Crowe: That does sound very interesting, and hopefully, maybe sometime, when we have another book on it, we'll have you back in here for that. Last question: This is actually pulling from a famous investor, Peter Lynch, one of the things he always did when he talked with management and things like that, he always asked who were some management people that they really look forward to. But since we're in the journalist, writer, author realm, I'll shift it. When you're reading or developing stories here, or maybe just trying to better understand what's going on in your own world, who are some of your favorite authors, journalists, maybe publications that you're really looking at?

Levine: As you might suspect, I read the majors every day. I read The Financial Times, The Wall Street Journal, and The New York Times. They're so superb and just thick with stuff. And I think some of the writers at those publications -- Ed Crooks from The Financial Times, for example; Izabella Kaminska, who writes on the FT Alphaville blog, is very good. And, I use Twitter, I go through my feed and... I get completely caught up by going through there. I think The New Yorker is very, very good. Authors: Robert Caro, in my opinion, is hands-down the best nonfiction author that we have. I read everything that Michael Lewis reads.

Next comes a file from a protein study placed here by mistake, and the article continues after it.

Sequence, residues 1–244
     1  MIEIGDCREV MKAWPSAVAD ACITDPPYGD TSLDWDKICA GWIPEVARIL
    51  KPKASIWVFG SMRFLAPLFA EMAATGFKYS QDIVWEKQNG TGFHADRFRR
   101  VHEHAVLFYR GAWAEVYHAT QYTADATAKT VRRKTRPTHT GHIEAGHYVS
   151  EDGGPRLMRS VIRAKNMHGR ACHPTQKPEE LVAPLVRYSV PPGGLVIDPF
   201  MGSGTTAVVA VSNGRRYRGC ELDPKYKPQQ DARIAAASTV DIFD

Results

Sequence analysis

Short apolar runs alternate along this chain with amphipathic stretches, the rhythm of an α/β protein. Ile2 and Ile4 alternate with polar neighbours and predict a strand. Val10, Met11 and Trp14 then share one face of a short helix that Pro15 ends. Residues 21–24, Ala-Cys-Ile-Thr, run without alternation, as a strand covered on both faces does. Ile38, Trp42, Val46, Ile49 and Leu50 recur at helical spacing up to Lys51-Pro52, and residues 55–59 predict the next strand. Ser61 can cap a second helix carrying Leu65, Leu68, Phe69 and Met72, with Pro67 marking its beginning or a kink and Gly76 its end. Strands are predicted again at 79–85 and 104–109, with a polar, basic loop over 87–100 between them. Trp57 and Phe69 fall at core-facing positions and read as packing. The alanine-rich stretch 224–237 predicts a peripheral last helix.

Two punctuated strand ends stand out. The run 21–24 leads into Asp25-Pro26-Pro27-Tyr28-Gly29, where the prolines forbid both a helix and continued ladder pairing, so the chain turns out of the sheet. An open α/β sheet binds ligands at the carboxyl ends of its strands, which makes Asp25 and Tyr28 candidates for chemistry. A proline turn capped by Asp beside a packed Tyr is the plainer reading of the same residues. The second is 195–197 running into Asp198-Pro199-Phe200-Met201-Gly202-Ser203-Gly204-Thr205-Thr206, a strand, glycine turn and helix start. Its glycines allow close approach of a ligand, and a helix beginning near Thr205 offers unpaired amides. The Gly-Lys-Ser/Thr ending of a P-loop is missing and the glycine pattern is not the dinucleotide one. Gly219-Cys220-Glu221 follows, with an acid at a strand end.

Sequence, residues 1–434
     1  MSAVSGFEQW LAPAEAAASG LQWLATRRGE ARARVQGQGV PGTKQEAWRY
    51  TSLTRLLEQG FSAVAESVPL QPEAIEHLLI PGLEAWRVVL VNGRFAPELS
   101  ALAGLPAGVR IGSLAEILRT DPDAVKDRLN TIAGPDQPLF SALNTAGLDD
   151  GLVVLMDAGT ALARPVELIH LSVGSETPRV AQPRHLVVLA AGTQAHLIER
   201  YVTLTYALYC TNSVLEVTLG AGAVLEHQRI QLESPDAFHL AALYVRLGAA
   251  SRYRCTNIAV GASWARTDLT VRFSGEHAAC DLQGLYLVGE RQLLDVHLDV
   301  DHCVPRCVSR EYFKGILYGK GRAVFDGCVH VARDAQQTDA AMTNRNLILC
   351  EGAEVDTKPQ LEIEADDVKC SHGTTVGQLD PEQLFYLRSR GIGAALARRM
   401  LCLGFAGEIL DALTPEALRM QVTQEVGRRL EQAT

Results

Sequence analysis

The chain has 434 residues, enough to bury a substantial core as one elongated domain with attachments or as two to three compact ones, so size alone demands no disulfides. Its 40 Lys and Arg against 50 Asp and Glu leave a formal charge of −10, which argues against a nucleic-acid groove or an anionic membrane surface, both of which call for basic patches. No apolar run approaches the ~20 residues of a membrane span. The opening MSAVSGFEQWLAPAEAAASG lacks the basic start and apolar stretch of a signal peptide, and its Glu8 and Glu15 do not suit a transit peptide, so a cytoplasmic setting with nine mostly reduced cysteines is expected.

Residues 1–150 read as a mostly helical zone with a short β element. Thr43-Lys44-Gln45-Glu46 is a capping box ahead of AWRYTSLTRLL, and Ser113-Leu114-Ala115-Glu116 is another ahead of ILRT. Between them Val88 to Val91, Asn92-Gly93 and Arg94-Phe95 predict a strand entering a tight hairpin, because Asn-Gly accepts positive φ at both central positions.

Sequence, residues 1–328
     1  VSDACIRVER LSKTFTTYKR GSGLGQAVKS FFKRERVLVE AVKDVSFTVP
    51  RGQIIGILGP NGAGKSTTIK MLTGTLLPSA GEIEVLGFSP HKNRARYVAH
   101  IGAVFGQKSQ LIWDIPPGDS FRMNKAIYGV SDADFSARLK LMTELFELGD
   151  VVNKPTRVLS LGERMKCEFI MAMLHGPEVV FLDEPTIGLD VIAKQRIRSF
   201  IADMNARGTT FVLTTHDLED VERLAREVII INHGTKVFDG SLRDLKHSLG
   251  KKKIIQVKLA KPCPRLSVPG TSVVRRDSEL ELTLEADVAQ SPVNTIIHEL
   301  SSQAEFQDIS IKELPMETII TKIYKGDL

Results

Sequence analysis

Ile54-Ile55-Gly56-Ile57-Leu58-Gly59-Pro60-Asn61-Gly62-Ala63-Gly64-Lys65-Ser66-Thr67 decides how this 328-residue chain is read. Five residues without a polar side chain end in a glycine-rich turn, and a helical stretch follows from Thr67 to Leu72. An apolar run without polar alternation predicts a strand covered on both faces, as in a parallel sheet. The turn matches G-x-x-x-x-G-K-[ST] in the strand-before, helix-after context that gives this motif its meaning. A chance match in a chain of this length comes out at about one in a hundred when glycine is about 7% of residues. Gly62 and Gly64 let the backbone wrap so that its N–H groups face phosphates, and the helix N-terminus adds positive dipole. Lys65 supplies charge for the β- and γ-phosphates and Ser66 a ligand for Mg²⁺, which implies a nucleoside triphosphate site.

Crowe: Definitely a Motley Fool fan here, Michael Lewis. He's been actually been in the office a couple times.

Levine: Yeah. And you know where I'm getting a big kick right now? Science fiction. I read this story about how, in Silicon Valley, that the technologists out there, generally, regard themselves as world-beaters when it comes to engineering and all of that, but, creatively, zeros. So, they've started to hire science fiction writers to be on their staffs.

Crowe: Whoa!